Resting on solid stone foundations, the Heorot building is a legendary place cited in the Beowulf , an epic poem from Anglo-Saxon literature from the end of the first millennium. This gigantic wooden hall is a mythical and protective place, like the Garden of Eden in the biblical stories. Huge, finely hewn wooden beams rise on either side of its single door. Ajar, it is guarded by two men wearing Celtic helmet, crest, spear and cape. A large gold ring, on the frontispiece, catches the eye, formed of a mysterious scaled dragon biting its tail.
Around him, everything spins in unison: Celtic volutes – spirals and foliage – intertwine on the large wooden walls, letting the heads of griffins or other legendary animal bodies emerge here and there. Canadian illustrator John Franklin Howe worked hard to make this imaginary place visible. Trained in his art in Strasbourg (Bas-Rhin), he forged there, in the shadow of the splendid Romanesque and Gothic cathedral, an overflowing affection for the medieval world, on the frontier of History and its legendary stories, notably Celtic and Nordic.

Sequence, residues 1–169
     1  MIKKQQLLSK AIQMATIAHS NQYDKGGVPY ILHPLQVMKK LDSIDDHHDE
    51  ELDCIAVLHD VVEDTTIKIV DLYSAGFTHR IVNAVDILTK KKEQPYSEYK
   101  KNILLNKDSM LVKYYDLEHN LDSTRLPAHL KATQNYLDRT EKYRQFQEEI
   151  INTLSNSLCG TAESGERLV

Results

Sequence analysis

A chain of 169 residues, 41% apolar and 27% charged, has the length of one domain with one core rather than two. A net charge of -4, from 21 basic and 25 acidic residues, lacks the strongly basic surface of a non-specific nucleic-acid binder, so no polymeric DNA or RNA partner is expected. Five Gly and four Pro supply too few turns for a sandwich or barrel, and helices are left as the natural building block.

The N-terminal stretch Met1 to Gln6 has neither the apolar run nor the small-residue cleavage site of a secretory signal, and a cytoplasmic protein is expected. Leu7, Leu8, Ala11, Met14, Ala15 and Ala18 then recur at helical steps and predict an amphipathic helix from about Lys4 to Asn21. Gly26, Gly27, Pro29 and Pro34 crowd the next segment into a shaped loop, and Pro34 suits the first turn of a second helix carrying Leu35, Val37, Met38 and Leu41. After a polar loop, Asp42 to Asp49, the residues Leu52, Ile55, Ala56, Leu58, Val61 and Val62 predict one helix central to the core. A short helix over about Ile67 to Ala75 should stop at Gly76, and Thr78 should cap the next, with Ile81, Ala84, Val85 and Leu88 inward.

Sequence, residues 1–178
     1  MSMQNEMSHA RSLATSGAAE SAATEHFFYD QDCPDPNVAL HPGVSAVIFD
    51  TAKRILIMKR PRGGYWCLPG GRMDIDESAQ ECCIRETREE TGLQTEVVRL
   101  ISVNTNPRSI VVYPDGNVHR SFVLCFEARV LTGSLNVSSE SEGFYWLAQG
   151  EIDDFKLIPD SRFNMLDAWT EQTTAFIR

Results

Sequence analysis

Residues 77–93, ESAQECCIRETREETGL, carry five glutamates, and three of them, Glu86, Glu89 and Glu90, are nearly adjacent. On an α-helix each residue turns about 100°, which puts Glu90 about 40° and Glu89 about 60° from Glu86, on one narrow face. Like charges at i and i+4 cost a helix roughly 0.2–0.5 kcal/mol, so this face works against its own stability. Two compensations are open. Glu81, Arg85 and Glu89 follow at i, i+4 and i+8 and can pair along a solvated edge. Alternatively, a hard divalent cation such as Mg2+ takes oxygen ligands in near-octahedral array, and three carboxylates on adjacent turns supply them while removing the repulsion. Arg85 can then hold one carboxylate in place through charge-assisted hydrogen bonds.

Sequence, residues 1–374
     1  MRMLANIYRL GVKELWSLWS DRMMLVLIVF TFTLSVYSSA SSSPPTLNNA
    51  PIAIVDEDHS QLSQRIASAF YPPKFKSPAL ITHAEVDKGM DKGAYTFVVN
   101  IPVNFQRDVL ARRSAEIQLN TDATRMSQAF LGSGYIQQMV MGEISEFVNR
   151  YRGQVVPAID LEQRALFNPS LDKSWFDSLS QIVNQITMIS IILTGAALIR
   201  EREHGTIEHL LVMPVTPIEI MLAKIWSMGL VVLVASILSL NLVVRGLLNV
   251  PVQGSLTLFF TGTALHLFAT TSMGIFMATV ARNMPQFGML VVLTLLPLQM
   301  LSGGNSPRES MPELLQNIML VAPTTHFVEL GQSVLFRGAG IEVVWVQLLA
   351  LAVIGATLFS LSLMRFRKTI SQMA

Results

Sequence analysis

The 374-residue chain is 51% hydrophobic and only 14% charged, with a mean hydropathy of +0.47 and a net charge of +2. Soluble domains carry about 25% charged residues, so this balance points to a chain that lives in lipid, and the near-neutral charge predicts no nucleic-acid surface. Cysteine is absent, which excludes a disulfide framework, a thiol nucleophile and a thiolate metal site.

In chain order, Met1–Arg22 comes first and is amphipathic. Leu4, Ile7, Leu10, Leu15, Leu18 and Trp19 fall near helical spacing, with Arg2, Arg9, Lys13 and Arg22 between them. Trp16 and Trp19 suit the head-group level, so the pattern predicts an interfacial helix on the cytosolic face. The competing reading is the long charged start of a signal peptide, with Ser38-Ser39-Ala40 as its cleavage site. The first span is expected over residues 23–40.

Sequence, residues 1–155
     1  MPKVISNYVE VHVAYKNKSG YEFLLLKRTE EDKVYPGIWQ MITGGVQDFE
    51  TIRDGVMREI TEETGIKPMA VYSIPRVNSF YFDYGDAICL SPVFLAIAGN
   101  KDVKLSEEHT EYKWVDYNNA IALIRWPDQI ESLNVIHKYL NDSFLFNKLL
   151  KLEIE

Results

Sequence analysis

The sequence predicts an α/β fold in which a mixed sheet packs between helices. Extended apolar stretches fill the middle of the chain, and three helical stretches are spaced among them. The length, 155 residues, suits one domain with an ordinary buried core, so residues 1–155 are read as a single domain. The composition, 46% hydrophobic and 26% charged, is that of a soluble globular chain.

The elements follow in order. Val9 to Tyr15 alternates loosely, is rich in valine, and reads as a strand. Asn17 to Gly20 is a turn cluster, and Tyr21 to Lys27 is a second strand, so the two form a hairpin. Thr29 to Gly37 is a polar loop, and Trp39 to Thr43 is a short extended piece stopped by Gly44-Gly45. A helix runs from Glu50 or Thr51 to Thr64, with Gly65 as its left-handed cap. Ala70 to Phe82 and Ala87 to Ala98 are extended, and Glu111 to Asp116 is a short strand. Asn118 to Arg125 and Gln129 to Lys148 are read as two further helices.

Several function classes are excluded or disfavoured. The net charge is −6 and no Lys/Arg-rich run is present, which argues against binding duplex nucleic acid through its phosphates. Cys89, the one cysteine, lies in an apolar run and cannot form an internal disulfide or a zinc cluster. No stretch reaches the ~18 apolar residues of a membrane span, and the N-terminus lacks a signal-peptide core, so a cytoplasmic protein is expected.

He thus creates a dreamlike world dear to fans of “fantasy”, often great readers of, for example, Lord of the Rings , epic story by JRR Tolkien (1892-1973), another enthusiast of these ancient worlds. Howe and Tolkien thus build Gothic cathedrals of today where the persevering light of holiness shines despite everything in the middle of the dark world of gargoyles and demons, always threatening.